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Wednesday, April 30, 2014

Cinderella through the Ages

UW-Milwaukee’s Peck School finds Cinderella in every culture

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The character of Cinderella, where humility becomes nobility and the downtrodden rise, may be as old as storytelling. Possibly, every major culture has its Cinderella story. Writer/director Robin Mello cleverly explores the history of the character with UW-Milwaukee’s Peck School of the Arts Theatre Department in Cinderella: The First 30,000 Years.

Staged with casual intensity in a studio theater environment, the production casts BFA student Tiffany Kiepert as a doctoral candidate delving into the complex history of the character. A diverse ensemble renders a complex patchwork of different elements from various iterations of the story. Versions of the story are presented from Egypt to Russia to Hollywood to an American college campus.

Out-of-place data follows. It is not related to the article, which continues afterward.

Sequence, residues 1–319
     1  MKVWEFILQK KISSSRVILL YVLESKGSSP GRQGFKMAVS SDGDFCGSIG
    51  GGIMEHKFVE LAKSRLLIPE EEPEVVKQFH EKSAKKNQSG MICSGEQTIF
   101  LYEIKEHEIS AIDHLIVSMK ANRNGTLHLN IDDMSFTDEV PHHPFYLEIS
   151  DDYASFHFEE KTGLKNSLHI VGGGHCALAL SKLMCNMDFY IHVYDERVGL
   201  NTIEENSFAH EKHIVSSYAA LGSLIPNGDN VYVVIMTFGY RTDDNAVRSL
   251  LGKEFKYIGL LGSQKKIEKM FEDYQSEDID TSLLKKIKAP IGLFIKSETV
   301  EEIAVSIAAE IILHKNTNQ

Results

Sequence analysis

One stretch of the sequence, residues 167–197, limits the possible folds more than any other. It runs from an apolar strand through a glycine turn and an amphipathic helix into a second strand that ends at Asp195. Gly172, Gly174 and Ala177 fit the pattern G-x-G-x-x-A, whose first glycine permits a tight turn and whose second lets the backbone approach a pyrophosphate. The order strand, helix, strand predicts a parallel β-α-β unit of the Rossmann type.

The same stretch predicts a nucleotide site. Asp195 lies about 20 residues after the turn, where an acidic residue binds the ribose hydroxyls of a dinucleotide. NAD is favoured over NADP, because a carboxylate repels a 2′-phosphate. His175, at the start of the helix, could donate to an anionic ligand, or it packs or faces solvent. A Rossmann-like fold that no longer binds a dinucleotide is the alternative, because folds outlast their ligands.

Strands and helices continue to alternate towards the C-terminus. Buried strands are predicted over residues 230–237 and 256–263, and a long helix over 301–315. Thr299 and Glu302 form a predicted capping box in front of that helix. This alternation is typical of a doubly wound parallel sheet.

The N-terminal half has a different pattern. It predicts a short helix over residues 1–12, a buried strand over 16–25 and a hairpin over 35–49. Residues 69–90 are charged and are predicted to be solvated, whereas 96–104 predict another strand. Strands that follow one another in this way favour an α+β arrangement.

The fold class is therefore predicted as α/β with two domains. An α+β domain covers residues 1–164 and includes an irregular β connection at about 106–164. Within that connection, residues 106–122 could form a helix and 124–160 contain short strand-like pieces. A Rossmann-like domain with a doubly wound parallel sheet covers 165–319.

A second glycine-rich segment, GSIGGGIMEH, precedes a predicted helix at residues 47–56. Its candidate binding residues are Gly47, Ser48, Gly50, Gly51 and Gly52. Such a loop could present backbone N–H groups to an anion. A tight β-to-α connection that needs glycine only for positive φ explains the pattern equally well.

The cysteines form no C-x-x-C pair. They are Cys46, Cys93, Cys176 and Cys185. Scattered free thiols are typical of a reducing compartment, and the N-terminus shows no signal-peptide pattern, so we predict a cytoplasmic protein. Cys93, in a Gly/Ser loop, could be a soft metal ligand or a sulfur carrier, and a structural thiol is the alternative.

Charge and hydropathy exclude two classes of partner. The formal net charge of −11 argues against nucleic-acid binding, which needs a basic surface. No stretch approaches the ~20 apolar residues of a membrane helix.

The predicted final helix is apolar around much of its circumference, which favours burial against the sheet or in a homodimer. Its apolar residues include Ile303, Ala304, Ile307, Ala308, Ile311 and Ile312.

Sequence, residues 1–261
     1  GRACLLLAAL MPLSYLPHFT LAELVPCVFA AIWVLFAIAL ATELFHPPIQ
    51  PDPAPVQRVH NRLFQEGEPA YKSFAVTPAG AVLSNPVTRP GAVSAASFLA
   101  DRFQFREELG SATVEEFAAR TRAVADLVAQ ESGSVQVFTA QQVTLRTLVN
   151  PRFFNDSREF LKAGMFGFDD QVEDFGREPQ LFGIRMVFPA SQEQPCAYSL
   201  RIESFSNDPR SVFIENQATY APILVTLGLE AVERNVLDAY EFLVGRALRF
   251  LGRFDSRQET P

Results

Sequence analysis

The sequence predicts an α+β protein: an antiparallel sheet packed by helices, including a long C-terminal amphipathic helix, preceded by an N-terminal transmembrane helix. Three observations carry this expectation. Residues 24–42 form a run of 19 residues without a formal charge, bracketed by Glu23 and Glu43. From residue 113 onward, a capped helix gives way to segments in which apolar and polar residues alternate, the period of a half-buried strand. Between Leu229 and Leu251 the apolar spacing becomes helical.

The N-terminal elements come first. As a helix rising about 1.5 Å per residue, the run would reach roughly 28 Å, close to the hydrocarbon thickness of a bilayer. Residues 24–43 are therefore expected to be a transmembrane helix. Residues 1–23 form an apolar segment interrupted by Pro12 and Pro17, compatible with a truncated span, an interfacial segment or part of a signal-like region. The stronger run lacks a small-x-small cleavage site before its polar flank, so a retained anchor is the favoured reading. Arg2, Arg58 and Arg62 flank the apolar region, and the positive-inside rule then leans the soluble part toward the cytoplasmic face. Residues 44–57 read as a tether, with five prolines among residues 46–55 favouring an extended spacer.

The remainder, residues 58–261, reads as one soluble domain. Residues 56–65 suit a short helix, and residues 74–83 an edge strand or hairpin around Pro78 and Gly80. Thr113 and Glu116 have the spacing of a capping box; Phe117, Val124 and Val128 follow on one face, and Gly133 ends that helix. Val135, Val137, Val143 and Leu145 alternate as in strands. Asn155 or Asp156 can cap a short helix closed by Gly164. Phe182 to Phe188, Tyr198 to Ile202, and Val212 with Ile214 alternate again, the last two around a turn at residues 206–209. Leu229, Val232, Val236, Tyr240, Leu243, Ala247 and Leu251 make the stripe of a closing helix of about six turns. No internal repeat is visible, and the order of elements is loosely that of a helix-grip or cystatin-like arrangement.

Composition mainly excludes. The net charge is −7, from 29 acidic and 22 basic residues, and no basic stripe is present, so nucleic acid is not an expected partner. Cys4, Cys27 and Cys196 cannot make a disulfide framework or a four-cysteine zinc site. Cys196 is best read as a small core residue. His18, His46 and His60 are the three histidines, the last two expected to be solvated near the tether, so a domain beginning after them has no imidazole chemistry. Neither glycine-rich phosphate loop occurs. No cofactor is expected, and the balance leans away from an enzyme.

The show drags a bit in places—an extended bit of conflict between Kimberly Clark Gartrell and Rachel Meldman as an aboriginal goddess and a Disney Fairy Godmother feels a bit forced, but Clark Gartrell and Meldman fare much better elsewhere. Clark Gartrell has a gravity about her that grounds the history of the story quite well. Meldman is quite captivating as the German incarnation of Cinderella.

The production covers a tremendous amount of ground in less than one hour without feeling rushed. The near universal familiarity of the story aids Mello and company in moving rapidly from Prince Charming to Fairy Godmother to Wicked Stepsisters without following a traditional narrative structure. The show returns from intermission with Kiepert’s doctoral candidate staving off an unruly mass of Cinderellas armed only with a Swiffer. There’s a deliciously feverish whimsy about the proceedings that manages to grab hold of some real emotion.

Cinderella: The First 30,000 Years runs through May 4 at Kenilworth Studio 508, 1925 E. Kenilworth Place. For tickets, call 414-229-4308 or visit arts.uwm.edu/tickets.